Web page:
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‘Not immune’: Universities prepare for more job losses

The Rapid Research Information Forum chaired by Chief Scientist Dr Alan Finkel released a report earlier this year that says university job losses of up to 21,000 full-time equivalent positions, “of which an estimated 7000 could be research-related academic staff”, are projected over the next six months.

“There are concerns that women, early-career researchers and recent graduates will disproportionately experience negative impacts,” the report says.

Redundant roles

A University of Sydney spokeswoman said it had not had any job losses directly related to COVID-19 but 10 roles in its infrastructure team would be made redundant “in the coming weeks due to the downturn in work for this team”.

Vice-chancellor Michael Spence has written to staff outlining his concerns.

“The uncertainty over the international student corridor; government cuts to funding and proposed increase of fees; and the prospect of further outbreaks of the pandemic locally combine to produce a very challenging and unprecedented set of circumstances for universities, and we are not immune,” he wrote.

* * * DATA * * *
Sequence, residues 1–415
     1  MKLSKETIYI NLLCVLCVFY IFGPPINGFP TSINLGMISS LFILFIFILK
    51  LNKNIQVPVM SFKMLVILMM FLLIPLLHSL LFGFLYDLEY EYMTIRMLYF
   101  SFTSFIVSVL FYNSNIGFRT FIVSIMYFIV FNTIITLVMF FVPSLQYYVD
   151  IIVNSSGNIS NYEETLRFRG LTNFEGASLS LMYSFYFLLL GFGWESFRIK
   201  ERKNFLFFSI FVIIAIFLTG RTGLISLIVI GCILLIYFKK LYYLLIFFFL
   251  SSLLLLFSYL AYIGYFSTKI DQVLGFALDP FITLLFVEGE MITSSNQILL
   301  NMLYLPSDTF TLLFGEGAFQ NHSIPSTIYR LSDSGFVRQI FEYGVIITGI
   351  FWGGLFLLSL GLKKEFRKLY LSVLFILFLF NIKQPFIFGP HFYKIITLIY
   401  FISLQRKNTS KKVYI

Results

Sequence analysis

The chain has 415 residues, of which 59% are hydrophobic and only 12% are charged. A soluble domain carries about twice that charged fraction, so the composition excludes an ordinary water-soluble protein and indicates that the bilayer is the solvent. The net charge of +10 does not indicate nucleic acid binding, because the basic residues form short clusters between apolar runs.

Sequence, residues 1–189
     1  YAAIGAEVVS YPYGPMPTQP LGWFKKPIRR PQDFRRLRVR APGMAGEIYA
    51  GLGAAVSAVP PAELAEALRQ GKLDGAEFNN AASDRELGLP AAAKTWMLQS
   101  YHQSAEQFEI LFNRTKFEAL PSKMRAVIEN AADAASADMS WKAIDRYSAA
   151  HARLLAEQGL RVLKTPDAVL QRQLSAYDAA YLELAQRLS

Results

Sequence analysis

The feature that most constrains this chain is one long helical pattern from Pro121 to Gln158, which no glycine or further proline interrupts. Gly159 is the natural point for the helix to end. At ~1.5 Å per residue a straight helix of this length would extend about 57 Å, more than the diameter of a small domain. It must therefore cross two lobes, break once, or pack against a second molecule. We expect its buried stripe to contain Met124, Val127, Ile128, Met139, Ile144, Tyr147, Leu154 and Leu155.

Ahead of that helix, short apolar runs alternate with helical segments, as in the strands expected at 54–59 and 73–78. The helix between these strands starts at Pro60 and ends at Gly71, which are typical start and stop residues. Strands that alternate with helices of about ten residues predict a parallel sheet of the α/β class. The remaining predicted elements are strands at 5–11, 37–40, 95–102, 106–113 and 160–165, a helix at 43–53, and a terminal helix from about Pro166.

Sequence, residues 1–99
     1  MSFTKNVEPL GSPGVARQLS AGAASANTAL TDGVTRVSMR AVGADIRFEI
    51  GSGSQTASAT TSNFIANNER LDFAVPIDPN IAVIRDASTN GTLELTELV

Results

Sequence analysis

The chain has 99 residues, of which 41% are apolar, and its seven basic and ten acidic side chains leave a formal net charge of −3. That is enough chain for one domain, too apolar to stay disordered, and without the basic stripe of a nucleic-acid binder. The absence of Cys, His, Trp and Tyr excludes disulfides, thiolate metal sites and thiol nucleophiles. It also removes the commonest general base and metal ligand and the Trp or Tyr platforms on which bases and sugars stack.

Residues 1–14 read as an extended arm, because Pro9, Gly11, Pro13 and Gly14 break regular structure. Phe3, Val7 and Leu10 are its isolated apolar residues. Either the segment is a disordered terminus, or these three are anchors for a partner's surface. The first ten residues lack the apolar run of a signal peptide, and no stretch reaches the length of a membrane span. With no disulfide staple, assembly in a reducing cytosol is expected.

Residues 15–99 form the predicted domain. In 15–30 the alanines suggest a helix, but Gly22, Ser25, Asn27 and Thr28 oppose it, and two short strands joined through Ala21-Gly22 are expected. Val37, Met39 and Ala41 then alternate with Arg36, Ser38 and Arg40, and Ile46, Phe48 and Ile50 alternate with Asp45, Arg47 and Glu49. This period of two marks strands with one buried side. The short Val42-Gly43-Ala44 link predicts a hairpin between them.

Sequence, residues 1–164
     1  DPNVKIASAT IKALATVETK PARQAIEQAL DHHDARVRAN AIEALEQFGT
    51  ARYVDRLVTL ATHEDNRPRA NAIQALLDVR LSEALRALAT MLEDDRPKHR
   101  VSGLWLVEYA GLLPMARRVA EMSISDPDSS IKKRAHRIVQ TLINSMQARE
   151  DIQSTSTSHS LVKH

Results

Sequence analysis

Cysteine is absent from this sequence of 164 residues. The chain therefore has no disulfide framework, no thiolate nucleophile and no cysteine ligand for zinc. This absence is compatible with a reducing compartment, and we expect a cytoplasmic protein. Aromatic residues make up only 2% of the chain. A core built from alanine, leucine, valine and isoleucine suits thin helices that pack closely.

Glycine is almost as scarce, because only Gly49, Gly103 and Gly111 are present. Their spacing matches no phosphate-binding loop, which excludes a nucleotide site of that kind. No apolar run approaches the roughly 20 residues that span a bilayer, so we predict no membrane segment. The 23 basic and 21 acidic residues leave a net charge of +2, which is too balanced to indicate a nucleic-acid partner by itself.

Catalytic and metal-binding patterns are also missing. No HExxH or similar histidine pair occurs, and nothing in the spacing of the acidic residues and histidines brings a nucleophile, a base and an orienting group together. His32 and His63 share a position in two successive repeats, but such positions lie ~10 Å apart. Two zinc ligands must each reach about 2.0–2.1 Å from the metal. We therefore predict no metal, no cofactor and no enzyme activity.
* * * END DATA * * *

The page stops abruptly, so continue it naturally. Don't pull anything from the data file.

Significant impact

A Macquarie University spokeswoman said while it had a relatively small number of international students compared to some other institutions, the pandemic had had a significant impact on its revenue.

“The situation will continue to affect international student numbers for session two and into coming years,” the spokeswoman said.

“As part of our operating plan, we will see reduced staff numbers over time through natural attrition.”

Western Sydney University staff recently voted in support of two six-month leave-based initiatives to help the university save money.

“The university will not engage in stand-downs or forced redundancies in 2020,” a university spokeswoman said.

A UTS spokesman said the Ultimo institution had no updates on the prospect of job losses “at this time”.

The financial damage to the sector had also exposed UNSW and the University of Wollongong to a possible downgrade in their credit ratings.

Ratings agency Standard & Poors had revised its financial outlook for the universities from stable to negative.

S&P said it expected UNSW operating margins “to weaken in 2020 and beyond”.

“The negative outlook reflects our view that UNSW’s financial metrics could deteriorate if it is unable to achieve adequate savings or if the disruption to enrolments continues for a prolonged period,” it said.


The University of Wollongong faced a similar outlook. It estimated its revenue will be $90 million lower this year than in 2019.

A UNSW spokeswoman said it was committed to minimising job losses, but after extensive reductions of costs and “drawing down responsibly on our cash reserves, there is still a gap in 2021 of $75 million”.

The Community and Public Sector Union NSW, which represents professional university staff, last week said the higher education sector was in a “perilous situation”.

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